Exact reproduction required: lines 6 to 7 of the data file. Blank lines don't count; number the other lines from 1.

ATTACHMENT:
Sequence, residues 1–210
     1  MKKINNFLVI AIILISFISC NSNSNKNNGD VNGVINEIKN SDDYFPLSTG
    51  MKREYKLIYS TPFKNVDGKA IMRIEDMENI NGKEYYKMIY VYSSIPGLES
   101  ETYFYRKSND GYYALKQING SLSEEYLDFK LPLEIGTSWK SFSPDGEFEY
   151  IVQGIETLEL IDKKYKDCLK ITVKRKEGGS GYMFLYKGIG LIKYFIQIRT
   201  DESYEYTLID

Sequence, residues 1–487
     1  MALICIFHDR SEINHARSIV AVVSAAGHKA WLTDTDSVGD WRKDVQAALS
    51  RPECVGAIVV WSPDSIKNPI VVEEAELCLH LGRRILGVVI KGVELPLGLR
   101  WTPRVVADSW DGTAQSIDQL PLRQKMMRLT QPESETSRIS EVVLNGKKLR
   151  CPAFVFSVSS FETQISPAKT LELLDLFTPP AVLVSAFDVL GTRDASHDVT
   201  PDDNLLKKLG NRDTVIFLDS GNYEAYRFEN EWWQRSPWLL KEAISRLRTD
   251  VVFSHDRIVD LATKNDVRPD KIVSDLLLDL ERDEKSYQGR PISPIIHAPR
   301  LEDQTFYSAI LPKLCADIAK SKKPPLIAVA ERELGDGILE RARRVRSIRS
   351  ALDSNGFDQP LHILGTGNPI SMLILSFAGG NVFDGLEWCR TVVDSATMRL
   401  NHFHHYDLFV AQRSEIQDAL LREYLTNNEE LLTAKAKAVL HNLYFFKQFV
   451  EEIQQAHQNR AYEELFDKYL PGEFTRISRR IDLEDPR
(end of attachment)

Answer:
   201  DESYEYTLID

Sequence, residues 1–487